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System won't power up

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  • Homebuilt
  • Power Up
  • Power Supplies
  • Systems
Last response: in Systems
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January 13, 2012 12:29:42 AM

Got a call about a system that wouldn't power up (family). Took power supply from my working system at home and brought it with me.

When I arrived to work on system I found that the green light for network was working but nothing else would power up. I removed the power supply and replaced it with the one I brought from my home system. Keep in mind that I built both of these system in 2007. They have been flawless until this issue. When I installed the PSU and powered the system still the same thing, nothing would power up. Thinking nothing of it other than there was a short somewhere and it needed to be tested at a shop. I returned home and installed the PSU back into my (what was a working system) case, powered up and nothing but the LED board lights came on (ASUS CROSSHAIR)

I then took the system to a local shop, they tested the PSU and told me that the 12v side of the PSU wasn't working. I ordered a new Corsair 1050w, it arrived today and I installed it only to find that the LED board lights came on and nothing else powered up. Not sure what to do at this point, frustrated. Anyone have any suggestions other than a new system build?

More about : system power

January 13, 2012 12:42:10 AM

Unfornately, If you blew your PSU and then blew your mob from overload; there isn't much you can do. Although I doubt it will work it worth a try, pull the cmos battery, this will set the bios back to default and give it try. If unsuccessful take it to your shop and have them test just to confirm. Also you may want to keep in mind 2007 puts it at 5 years and most people are going to be replacing every 3-5 years, you got your money worth out of it.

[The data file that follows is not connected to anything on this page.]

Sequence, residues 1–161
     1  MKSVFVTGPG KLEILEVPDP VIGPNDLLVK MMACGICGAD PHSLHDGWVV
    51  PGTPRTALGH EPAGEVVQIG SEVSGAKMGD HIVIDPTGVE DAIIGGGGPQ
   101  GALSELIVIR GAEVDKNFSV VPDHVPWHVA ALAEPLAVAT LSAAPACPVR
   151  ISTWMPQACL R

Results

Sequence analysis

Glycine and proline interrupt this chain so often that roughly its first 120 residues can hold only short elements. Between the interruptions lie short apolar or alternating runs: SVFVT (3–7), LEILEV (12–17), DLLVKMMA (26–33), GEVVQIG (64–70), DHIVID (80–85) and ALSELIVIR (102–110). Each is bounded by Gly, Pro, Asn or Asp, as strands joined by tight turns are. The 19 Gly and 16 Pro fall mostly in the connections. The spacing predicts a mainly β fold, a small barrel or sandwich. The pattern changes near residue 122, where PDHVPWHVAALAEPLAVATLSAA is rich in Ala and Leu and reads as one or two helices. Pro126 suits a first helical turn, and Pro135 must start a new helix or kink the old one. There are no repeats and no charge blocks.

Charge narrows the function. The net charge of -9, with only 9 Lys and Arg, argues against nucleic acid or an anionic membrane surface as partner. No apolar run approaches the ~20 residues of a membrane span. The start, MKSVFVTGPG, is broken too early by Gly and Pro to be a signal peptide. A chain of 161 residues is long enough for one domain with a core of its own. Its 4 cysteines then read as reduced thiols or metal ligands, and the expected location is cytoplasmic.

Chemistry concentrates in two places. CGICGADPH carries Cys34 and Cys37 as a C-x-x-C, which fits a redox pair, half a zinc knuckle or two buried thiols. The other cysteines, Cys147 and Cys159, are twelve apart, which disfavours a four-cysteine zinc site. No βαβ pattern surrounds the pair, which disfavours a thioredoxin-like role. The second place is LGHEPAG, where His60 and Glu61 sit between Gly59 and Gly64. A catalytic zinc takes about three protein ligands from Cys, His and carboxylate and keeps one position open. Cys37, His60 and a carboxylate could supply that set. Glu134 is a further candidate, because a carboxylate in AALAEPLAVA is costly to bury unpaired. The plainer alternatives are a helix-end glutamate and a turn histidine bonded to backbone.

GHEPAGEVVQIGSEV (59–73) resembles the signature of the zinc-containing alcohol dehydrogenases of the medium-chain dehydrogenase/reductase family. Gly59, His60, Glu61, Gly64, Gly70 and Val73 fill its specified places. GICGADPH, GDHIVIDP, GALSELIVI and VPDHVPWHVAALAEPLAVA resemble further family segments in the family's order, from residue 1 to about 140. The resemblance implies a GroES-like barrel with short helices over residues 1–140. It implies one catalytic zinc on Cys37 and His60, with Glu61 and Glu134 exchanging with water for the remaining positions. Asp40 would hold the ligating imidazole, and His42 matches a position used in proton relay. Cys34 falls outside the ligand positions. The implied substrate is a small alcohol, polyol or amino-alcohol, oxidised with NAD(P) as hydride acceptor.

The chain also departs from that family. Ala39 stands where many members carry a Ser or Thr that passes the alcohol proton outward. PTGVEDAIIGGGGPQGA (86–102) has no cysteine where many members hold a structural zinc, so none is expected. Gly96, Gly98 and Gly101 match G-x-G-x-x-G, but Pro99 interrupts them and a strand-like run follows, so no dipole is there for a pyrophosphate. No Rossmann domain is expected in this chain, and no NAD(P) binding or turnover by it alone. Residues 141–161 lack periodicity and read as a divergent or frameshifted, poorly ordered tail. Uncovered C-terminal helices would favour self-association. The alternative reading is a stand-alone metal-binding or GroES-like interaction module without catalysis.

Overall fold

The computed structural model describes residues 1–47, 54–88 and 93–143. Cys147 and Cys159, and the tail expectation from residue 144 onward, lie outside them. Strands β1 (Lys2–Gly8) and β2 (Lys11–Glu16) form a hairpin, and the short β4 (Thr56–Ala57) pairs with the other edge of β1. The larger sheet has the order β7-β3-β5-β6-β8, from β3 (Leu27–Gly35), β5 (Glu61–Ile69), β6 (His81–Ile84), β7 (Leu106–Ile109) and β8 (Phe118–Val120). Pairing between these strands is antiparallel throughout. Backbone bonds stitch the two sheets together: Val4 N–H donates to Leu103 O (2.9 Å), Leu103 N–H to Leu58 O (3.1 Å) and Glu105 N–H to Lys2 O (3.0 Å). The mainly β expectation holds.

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January 21, 2012 12:50:44 PM

Quote:
Unfornately, If you blew your PSU and then blew your mob from overload; there isn't much you can do. Although I doubt it will work it worth a try, pull the cmos battery, this will set the bios back to default and give it try. If unsuccessful take it to your shop and have them test just to confirm. Also you may want to keep in mind 2007 puts it at 5 years and most people are going to be replacing every 3-5 years, you got your money worth out of it.


All of the above has already been done but the local shop wasn't able to test the board. I needed to assure myself hearing it from someone else that the mobo was gone. Thanks for the reply. Already got a new system to replace it. Was a pricy mistake for sure. Thanks again and have a great weekend.
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a c 122 B Homebuilt system
a c 144 ) Power supply
January 22, 2012 4:02:10 AM

Work systematically through our standard checklist and troubleshooting thread:
http://www.tomshardware.com/forum/261145-31-read-postin...
I mean work through, not just read over it. We spent a lot of time on this. It should find most of the problems.

If no luck, continue.

[/#0cff00]
The following is an expansion of my troubleshooting tips in the breadboarding link in the "Cannot boot" thread.
http://www.tomshardware.com/forum/261145-31-read-postin...

I have tested the following beep patterns on Gigabyte, eVGA, and ECS motherboards. Other BIOS' may be different, but they all use a single short beep for a successful POST.

Breadboard - that will help isolate any kind of case problem you might have.